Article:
You can read more about my concerns associated with IRS’s inadequate assistance to the military and my recommendations to improve it in the Most Serious Problem: Military Assistance: The IRS Needs to The IRS’s Customer Service and Information Provided to Military Taxpayers Falls Short of Meeting Their Needs and Preferences. In the meantime, I am committed to filling in the gaps by delivering accurate up-to-date information to the service members and their families. I selected the topic: Advocating for Military Clients for TAS presentations at the IRS Nationwide Tax Forums to educate tax professionals about unique tax issues facing this taxpayer population. TAS is also working on developing comprehensive educational material dedicated to military tax issues for posting on www.TaxpayerAdvocate.irs.gov.

Have a question? Contact Nina Olson and the National Taxpayer Advocate Team.

Your comments are always welcome!

Nina Olson

Nina Olson

Nina E. Olson, the National Taxpayer Advocate (NTA), is the voice of the taxpayer within the IRS and before Congress. She leads the Taxpayer Advocate Service (TAS), an independent organization inside the IRS that helps taxpayers resolve problems and works for systemic change to mitigate problems experienced by groups of taxpayers.

2 thoughts on “The IRS Can Do A Better Job Providing Military Taxpayers With Accurate And Up-To-Date Information About Tax Issues They Are Facing

  1. While this does not apply to active military personnel, it is an issue for the private, military contractors of which there are many and of which are mostly made up of retired military or service men who resigned to work for private contractors.

    Through the Service’s centralized examination project regarding the Foreign Earned Income exclusion, the Service is doing their best to narrow the rules for individuals that qualify for that exclusion.

    In a recent examination I had, the amount of information that is being requested covers an IDR of 8 or more pages; and most items that are requested aren’t needed since a taxpayer selects only one of the several categories that are at issue.

    In my case, the Service disallowed the exclusion for 3 years. Within the RAR, their cited positions were so far from the law at issue, and the facts were distorted and many assumtions were made even though the facts were presented. It was a mind boggling examination to a Representative that was met with skepticism of the process by the taxpayer.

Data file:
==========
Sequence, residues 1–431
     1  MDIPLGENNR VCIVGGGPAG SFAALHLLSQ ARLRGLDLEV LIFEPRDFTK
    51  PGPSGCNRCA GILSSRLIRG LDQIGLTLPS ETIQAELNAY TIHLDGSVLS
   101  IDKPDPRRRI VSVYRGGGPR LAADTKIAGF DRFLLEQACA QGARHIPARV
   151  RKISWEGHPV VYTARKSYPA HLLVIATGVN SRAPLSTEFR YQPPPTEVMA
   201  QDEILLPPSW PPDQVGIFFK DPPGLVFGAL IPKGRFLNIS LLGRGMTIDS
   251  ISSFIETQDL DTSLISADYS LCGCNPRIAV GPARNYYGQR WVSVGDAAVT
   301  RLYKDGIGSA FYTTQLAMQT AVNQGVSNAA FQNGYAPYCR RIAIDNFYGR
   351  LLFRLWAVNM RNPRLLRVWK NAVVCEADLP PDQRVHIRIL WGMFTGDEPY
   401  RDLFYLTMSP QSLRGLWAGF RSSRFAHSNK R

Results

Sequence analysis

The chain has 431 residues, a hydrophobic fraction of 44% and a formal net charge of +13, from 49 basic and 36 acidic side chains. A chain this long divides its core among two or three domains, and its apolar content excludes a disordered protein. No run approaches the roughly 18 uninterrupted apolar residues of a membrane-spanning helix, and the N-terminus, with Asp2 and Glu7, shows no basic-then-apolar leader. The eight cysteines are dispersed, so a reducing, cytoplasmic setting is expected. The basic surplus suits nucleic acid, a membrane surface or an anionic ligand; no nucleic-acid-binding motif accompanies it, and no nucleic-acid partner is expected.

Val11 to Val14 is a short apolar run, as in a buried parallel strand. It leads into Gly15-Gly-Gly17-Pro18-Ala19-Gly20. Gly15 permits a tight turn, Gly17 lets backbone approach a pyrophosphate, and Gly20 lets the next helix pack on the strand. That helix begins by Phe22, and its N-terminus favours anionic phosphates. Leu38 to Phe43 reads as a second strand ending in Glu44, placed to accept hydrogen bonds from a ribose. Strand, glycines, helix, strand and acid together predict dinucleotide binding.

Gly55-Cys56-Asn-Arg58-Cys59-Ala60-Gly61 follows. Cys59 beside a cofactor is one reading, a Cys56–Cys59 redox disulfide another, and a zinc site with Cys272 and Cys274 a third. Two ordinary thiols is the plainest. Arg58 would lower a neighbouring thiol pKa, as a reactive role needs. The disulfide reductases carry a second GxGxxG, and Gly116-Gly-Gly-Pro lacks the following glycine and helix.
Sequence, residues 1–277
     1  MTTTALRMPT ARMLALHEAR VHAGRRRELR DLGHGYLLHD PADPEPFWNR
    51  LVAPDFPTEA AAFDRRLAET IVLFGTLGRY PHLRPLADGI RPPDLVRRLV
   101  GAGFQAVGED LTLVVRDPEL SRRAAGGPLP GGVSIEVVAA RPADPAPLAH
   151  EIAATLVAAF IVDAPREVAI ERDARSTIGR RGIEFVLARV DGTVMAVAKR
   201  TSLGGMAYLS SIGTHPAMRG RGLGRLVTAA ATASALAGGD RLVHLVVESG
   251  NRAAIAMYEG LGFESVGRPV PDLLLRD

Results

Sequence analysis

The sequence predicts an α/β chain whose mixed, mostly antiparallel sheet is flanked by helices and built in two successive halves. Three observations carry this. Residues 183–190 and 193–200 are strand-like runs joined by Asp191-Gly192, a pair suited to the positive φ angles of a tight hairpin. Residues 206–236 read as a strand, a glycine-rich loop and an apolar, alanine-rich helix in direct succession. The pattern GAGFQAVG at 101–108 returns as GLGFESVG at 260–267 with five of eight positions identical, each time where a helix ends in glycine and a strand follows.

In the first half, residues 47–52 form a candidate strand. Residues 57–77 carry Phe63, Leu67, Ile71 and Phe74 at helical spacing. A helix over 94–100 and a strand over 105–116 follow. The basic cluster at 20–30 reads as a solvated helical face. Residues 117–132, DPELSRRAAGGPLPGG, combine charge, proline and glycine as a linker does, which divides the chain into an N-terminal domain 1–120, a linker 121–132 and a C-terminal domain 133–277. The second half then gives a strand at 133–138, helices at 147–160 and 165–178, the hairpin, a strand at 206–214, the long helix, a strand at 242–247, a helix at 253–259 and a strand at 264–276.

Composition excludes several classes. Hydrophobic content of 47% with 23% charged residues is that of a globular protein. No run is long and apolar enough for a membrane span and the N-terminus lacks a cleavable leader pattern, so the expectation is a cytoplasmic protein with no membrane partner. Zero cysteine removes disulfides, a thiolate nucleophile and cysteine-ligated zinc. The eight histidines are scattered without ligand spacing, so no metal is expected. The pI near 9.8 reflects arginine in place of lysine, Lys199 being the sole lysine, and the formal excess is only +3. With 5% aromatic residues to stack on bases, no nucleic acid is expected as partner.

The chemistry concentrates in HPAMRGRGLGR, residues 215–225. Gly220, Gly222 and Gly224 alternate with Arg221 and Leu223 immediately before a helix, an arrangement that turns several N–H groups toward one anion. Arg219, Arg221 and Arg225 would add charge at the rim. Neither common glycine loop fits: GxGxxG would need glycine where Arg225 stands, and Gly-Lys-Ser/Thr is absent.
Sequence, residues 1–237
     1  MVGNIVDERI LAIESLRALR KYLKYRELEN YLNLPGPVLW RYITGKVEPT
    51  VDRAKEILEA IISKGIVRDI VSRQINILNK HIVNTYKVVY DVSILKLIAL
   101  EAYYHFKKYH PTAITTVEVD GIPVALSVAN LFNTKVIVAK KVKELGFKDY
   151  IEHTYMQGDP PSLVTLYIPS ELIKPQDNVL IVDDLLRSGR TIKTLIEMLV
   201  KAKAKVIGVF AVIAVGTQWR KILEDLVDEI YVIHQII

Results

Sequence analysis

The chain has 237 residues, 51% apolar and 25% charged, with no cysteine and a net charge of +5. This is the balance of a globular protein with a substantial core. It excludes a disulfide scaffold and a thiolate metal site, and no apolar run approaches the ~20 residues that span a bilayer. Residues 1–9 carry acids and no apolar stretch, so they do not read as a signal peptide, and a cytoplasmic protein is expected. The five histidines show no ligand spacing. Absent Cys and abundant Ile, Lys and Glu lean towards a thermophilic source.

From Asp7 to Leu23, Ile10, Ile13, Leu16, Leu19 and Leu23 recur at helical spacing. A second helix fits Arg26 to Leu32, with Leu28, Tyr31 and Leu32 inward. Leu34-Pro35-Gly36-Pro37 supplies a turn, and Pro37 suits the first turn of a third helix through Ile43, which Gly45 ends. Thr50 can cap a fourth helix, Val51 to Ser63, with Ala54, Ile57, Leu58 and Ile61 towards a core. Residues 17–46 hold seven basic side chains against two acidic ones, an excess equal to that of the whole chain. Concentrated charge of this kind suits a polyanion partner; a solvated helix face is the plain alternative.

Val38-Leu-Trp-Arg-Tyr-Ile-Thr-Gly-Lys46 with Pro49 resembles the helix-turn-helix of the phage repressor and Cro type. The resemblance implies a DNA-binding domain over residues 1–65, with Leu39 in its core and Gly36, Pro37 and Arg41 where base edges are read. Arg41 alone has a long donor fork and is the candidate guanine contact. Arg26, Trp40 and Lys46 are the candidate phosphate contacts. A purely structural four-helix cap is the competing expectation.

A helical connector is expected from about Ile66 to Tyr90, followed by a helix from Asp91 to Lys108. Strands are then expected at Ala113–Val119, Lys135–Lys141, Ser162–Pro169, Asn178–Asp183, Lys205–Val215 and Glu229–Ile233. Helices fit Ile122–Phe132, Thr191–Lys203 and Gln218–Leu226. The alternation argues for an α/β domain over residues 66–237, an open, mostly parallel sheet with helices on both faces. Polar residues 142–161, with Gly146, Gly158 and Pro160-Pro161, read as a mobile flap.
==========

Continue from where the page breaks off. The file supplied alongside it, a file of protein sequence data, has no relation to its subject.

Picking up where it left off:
Then the Revenue Agent and manager would not allow the taxpayer to proceed to appeals citing that we did not provide all of the requested information, which they were unwilling to walk through the IDR to point out what was not provided. They then issued a Stat Notice.

    The Taxpayer Advocate, who was on board shortly after the RAR was issued, and at least a month before the Stat Notice was issued, was unable to help get us our appeal rights, therefore, as a CPA, I was forced to walk him through the tax court procedures (he couldn’t afford an attorney for this) so that he could file his own petition.

    After that, I prepped him for the appeal conference that he requested within the petition.

    He held a telephone conference with the AO, who simply asked him to tell his story, which he did…afterwards, she stated that she could not understand why the Service made the proposed disallowance, and quickly entered into the tax court record that no additional tax and penalties were owed.

    The stain of this treatment will unfortunately be passed on to his co-workers, of which there is several dozen of simalar situated American taqxpayers, some holding thier own examination letters by the time this was wrapped up.

  2. Kat Jennings says:

    Thank God for great guys like you Eric willing to go all the way for the men and woman who protect our country. You did a fantastic job and we appreciate hearing stories of the extraordinary tax guys and gals out there protecting taxpayers.
    Kat Jennings, TaxConnections CEO